July can be the hardest month to catch fish in our local impoundments as the water temperature starts to bottom out in the low teens. Winter fishing for bass in this area is generally a tough proposition but I still like to fish for them, especially on some of those nice days when there is little wind.
Towards the beginning of winter we experienced some very warm days, and the water temperature in the dams didn’t fall very much. On some days the surface layer was actually warmer. This can make locating the fish very hard but from past years I would suggest fishing around heavy timber. You should also do a lot of sounding, as the bass in particular could be still out on the sheltered flats in around 10m of water. I would expect to see a definite thermocline around this depth and probably about 5m wide. This is where you should target the open schools of fish.
There have been some reasonable catches of bass and the odd golden coming from both St Clair and Glenbawn. These fish were caught using live bait dropped down around the timber, and also ice jigs and plastics in amongst the schools out in the open around 10-15m. A successful day might not produce a lot of fish but those you catch might be in prime condition, especially the goldens.
You need to make an adjustment to your methods during winter and the low water temperatures. The strike zone of the fish has now greatly diminished with the reduction of their metabolism. A key ingredient for a successful day is to fish slowly but still put in a lot of effort. A winter bass or golden will not venture too far to strike the lure so you need to keep it in their strike zone longer to achieve a better result.
This dam is very clear at present and at its current depth there is very little cover along the banks. It can still be a good option to work along these banks if they have received some onshore wind using lipless crankbaits or hardbodies. I like to use neutral buoyancy lures or jerkbaits as they can be worked very slowly.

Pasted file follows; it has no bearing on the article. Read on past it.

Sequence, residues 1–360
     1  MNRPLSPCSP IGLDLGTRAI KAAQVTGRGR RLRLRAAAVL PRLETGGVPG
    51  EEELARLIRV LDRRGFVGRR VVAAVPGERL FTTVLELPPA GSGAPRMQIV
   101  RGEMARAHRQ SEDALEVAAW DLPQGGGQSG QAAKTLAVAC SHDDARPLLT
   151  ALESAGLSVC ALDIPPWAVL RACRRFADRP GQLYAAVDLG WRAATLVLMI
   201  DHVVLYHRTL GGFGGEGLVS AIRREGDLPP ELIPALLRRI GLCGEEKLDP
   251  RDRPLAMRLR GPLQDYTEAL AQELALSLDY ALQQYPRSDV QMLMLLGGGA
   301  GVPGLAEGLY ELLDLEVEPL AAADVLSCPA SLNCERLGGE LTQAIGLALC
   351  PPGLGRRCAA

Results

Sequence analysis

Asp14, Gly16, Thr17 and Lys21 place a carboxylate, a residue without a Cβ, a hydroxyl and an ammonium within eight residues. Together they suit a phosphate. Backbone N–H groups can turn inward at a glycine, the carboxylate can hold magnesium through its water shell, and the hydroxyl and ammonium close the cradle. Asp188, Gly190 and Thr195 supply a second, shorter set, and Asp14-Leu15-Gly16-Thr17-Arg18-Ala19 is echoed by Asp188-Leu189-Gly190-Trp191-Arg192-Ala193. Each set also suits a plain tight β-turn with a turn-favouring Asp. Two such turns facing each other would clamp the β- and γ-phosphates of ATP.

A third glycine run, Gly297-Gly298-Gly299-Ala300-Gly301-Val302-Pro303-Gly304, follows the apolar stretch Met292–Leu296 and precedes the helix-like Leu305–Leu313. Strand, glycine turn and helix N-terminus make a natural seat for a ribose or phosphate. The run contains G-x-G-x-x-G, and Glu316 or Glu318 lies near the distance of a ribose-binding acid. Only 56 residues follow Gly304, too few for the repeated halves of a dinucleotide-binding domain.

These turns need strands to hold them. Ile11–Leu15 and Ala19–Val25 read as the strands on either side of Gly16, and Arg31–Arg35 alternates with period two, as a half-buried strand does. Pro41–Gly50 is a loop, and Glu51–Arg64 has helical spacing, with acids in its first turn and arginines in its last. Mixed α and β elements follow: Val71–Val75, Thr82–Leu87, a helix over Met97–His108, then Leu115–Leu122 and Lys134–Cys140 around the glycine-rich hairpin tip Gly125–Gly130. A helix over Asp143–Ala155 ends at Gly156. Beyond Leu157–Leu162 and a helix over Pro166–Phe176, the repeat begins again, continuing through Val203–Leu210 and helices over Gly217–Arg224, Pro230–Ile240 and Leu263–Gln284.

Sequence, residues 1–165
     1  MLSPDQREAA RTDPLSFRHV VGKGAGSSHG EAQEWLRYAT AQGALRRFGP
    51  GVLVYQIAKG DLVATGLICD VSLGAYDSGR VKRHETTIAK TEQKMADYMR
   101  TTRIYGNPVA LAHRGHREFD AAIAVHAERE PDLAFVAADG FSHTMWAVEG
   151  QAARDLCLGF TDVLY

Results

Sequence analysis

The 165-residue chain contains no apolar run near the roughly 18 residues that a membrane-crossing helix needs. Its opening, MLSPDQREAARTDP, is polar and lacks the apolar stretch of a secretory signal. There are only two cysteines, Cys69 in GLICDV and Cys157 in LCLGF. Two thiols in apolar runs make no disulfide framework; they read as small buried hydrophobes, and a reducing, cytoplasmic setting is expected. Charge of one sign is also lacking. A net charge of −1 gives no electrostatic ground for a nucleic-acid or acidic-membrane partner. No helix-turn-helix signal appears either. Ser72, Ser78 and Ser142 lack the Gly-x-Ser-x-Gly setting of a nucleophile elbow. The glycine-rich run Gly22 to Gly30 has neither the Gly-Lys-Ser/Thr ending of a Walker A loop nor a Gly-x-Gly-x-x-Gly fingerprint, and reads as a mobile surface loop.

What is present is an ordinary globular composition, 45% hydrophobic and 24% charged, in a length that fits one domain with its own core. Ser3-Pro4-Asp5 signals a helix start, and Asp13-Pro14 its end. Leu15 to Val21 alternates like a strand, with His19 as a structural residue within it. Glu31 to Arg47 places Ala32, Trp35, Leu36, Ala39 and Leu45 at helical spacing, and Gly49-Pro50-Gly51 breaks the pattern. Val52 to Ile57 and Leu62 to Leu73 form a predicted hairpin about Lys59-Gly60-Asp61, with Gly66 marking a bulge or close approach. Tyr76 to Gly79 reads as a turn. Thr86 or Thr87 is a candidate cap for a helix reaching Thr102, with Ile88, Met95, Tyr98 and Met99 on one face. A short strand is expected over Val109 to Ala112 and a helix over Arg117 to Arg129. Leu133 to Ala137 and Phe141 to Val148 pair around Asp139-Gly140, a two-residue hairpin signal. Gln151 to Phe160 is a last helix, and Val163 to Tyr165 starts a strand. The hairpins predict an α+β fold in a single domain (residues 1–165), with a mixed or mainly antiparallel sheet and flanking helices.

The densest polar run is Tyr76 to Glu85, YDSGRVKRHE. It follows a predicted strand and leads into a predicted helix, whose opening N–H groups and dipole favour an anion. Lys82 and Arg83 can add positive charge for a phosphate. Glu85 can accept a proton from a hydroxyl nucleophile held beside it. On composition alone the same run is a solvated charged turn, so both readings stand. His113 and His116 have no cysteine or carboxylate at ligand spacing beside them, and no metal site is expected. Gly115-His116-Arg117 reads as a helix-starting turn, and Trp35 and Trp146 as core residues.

Some good areas to try are around Gindigah Point, Perkins Point and Wallaroo Point if there have been some westerlies blowing. Another area is down around Alcorn and St Clair islands.
The deeper school bass appear more often up the arms, for example the hump off Redhead corner in 10-15m in the Fallbrook. Up the Carrowbrook they usually appear around that depth in the Carrowbrook at the 8knt zone and up around the timber off Walker Bay in the river channel.
This month flyfishing and walking the banks can be very productive casting small hardbodies and Betts Spins. Trollers can grab a few fish working deep lures along the deeper water that follows the river, especially up the Carrowbrook. Some good lures are Stuckeys, Halcos, Feralcatts and the locally produced Marz Lures. Go for a dark pattern with stripes. Bait fishers can have some success dropping worms or yabbies along the side of the bigger timber.
Glenbawn is still holding plenty of water, and when the winds hit it can get very cold out on the water. Up the back of the dam is the best option in July. Fish in tight to the timber and also the walls and banks that face north.
Drop lures or plastics into the timber, along with plenty of scent, and move from tree to tree to find the fish. A good sounder with Downscan and Sidescan is an ideal way to find the fish in amongst the trees.
There are usually some schooled fish holding up the back in the 15-20m areas adjacent to the old river channel, and these are best targeted using ice jigs, blades and plastics. Bait fishers and trollers can also have some success up the back.
Another option to try up along the edge of the Panhandle and along to the Ruins is to troll Jackall TN60s with the occasional pause.Reads: 613